The difficulties began in 2005, just two months after Mundell won a national award for a Spanish-language DUI probation program she created. Thomas fired his first shot at the courts, claiming the program was discriminatory because it favored Spanish-speakers. In 2006, he filed a federal lawsuit to stop it. A judge threw out the suit, but Mundell and other judges became regular political targets.
Thomas considered the judiciary an obstacle to prosecuting illegal immigrants, and he later alleged corruption and conspiracy in the long-planned construction of a criminal-court tower for the downtown court complex. In the midst of those disputes, the economy tanked, forcing Mundell and Reinkensmeyer to pare $16 million from the court budget.
Mundell also battled the Sheriff's Office over its duty to bring jail inmates to court hearings.
When the court threatened to hold deputies in contempt for not meeting the obligation, it spawned endless requests for public records and investigations into the court. The matter was settled this year.
One judge was charged criminally in relation to the court-tower investigation - the case later was dismissed - and Mundell and three other judges were named in a federal racketeering suit that also was dismissed. Last December, as rumors swirled that the Sheriff's Office was going to serve search warrants on her house and office, Mundell went to the Arizona Court of Appeals to block such incursions. Mundell also claimed that deputies staked out her Paradise Valley home.
Now, Arpaio and Thomas are under federal investigation, and those actions may come into play. In fact, Mundell testified before the federal grand jury in recent months.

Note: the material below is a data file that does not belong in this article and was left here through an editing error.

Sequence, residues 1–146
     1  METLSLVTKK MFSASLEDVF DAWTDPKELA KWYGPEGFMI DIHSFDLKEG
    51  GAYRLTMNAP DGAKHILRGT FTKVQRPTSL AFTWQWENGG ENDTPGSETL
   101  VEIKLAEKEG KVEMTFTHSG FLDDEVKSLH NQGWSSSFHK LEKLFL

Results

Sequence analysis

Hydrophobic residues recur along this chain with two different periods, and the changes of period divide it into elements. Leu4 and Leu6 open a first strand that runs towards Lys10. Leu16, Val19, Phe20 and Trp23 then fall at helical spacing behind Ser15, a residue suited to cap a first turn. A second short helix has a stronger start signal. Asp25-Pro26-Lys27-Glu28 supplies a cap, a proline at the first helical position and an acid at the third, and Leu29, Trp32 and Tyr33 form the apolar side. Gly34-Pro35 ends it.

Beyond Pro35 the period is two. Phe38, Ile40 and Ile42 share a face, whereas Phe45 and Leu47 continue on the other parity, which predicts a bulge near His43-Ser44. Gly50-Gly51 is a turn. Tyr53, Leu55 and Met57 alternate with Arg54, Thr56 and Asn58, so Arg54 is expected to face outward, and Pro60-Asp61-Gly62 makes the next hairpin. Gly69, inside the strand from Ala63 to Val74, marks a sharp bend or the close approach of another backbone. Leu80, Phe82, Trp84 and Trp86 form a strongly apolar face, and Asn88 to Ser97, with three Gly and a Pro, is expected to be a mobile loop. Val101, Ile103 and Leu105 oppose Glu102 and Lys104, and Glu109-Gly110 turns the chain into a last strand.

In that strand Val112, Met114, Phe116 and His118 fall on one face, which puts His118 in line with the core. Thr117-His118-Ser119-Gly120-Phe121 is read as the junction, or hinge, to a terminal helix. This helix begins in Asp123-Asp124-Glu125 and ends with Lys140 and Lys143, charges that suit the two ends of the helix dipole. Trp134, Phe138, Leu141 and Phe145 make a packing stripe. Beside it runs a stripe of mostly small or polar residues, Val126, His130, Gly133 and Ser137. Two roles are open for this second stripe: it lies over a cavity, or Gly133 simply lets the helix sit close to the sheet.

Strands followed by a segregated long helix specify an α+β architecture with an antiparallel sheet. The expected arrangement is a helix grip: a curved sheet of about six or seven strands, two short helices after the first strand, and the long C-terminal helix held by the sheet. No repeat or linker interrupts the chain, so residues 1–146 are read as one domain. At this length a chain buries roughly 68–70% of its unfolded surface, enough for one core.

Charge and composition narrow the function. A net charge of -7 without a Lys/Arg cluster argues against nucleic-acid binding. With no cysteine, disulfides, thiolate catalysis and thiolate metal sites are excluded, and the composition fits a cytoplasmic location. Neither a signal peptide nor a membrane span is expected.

Despite the rancor, Mundell's accomplishments were considerable.
Under her command, the Northeast Regional Court Center, a downtown Regional Court Center and Downtown Justice Center opened. Despite controversy, she got the court tower well on its way to a 2012 opening date.
Additionally, a new way of managing criminal cases was instituted, the number of pending death-penalty cases was whittled down from a high near 140 to a current 80 or fewer, and the court and Mundell won numerous awards.
Even a judge who complained about Mundell's autocratic style called her an effective leader.
"The point is, she did get us through that process," the judge said.
Fan of technology
Enter Norm Davis, 60, a fourth-generation Arizonan from St. Johns. After graduating from Brigham Young University with a degree in accounting, he attended law school at Arizona State University and spent 20 years with private law firms before being appointed to the bench in 1995 by then-Gov. Fife Symington.
Davis presided over the opening of the Northwest Regional Court Center in Surprise in 2002.
In 2004, when the Arizona Supreme Court ordered a cleanup of the Superior Court's Family Court, the job fell to Davis. He instituted "divorce on demand," which fast-tracked uncontested divorces so they could be finalized within 24 hours of fulfilling all requirements. Within months, a longstanding backlog was cleared. He also introduced software in the court self-service centers that used TurboTax-style programs so court customers could fill out their own divorce paperwork.
Davis moved to Juvenile Court. Last week, a national association bestowed an award on that court for a technology system that reduces costs while monitoring staff and volunteers who work as advocates for children.
As presiding judge, Davis plans to use technology in new ways: for example, to link courts statewide, providing instant access to data such as criminal warrants and pre-sentence reports.
When asked his opinions on the future of the court, Judge Pendleton Gaines waved away the question and said, "The real story is not a story, and that's how well the court is running."